Of course, life decisions are personal ones which each individual can make for their own reasons.  The idea that right now is not a good time, however, is not necessarily true.  Sure, there is wisdom in planning and some waiting is necessary in many situations.  That planning needs to be grounded in reality, and must also account for God and His will (in so far as that may be known) and His blessing.  Our society seems determined to take the risk out of life and make it safe and successful for everyone.  That is not actually possible, and it is not always wise.

God has a reason for challenges, pain, failure, and distress in life.  They can be good things.  Obviously, they are not pleasant things or eagerly to be desired, but they can be good.  They can serve as learning experiences.  We can learn how to do something better by failing, at times, than by initially succeeding.  We certainly can learn about ourselves - our strengths, our resilience, our commitment to the things we think we are committed to.  Many of those we consider great successes have a history of repeated failure before they achieved the success by which they are known.  Several presidents of the United States, for example, failed miserably at other careers before they found their success in politics.  Their early difficulties taught them things about work, about success and failure, and about themselves which served them well in public life.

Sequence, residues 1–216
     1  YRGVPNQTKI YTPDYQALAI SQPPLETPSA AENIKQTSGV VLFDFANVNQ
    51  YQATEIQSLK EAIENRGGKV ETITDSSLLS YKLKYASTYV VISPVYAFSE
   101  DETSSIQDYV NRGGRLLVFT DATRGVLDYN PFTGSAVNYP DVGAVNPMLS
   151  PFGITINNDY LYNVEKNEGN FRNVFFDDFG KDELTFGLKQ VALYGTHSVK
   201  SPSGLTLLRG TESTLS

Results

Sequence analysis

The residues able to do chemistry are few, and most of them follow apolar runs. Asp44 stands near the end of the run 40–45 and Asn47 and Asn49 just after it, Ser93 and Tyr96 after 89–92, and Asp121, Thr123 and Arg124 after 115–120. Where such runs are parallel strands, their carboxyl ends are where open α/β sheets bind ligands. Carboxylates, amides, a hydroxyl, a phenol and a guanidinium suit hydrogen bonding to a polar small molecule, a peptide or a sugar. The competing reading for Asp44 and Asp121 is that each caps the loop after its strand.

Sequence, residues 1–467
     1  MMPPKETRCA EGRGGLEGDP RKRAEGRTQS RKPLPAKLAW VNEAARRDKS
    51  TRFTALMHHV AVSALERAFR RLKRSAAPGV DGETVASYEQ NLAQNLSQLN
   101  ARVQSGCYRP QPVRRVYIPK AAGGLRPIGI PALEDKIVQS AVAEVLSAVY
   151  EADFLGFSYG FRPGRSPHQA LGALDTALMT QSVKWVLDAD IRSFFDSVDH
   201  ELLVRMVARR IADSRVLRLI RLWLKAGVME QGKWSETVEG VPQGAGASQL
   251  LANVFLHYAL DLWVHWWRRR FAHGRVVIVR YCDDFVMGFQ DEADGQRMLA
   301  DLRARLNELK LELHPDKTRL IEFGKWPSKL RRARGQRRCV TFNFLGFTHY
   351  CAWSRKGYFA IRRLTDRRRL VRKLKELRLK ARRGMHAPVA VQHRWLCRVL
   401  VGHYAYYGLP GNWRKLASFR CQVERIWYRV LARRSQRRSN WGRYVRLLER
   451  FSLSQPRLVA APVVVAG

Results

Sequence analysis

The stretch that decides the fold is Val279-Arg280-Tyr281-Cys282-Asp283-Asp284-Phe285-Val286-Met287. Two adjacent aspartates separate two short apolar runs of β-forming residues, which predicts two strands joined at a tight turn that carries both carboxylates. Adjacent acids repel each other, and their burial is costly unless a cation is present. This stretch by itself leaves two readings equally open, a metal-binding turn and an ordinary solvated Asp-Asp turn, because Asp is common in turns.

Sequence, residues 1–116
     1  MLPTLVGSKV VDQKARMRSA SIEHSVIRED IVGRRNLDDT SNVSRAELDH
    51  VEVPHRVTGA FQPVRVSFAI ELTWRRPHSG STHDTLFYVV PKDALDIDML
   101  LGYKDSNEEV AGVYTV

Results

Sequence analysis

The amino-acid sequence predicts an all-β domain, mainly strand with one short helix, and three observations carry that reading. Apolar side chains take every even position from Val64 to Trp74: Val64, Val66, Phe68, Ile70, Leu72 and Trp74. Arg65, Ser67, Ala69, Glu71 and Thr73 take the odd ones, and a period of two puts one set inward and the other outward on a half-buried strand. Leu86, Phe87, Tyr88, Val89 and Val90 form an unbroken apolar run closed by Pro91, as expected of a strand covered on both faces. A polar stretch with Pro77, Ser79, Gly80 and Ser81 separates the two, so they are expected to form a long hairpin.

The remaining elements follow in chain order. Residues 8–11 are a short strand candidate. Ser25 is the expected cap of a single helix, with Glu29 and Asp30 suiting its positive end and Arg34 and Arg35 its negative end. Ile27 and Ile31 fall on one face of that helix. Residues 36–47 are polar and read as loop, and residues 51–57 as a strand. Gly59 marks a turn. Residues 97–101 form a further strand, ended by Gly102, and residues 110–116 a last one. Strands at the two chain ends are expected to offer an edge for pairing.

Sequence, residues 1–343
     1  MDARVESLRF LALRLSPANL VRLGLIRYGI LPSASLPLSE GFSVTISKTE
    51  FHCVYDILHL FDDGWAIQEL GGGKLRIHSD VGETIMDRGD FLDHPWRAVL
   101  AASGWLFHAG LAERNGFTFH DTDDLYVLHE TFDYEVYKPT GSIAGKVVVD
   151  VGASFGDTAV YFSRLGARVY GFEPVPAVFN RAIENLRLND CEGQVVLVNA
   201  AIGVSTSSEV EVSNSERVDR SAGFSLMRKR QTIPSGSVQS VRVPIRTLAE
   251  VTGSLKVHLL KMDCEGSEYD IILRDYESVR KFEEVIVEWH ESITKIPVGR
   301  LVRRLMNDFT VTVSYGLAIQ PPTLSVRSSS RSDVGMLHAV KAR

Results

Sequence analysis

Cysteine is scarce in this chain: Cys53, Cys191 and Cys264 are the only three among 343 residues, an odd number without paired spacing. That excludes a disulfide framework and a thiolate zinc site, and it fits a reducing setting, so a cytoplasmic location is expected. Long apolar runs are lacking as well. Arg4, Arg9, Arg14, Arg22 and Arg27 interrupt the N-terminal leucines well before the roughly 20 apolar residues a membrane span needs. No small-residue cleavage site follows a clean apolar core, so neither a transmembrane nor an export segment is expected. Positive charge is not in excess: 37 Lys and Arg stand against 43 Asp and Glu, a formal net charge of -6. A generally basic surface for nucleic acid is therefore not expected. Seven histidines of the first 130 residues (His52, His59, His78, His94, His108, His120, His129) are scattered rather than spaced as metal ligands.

'Not now' also tends to rob people of the moments of their lives.  How many people have you met that were going somewhere, going to do something great, had big plans, but were waiting for their moment, always focused on the future, on the next opportunity, on what was coming down the road, and were not seemingly aware of their lives at the moment, or enjoying them particularly well?  It is a common problem among the young that they are looking forward to this event or that day, and then they can start living! In the meantime, they are missing out on the simple pleasures, ignoring the delights of life around them at the moment, brushing off the satisfactions of the day because they are waiting on that future moment and set of conditions that will make their dreams somehow more possible.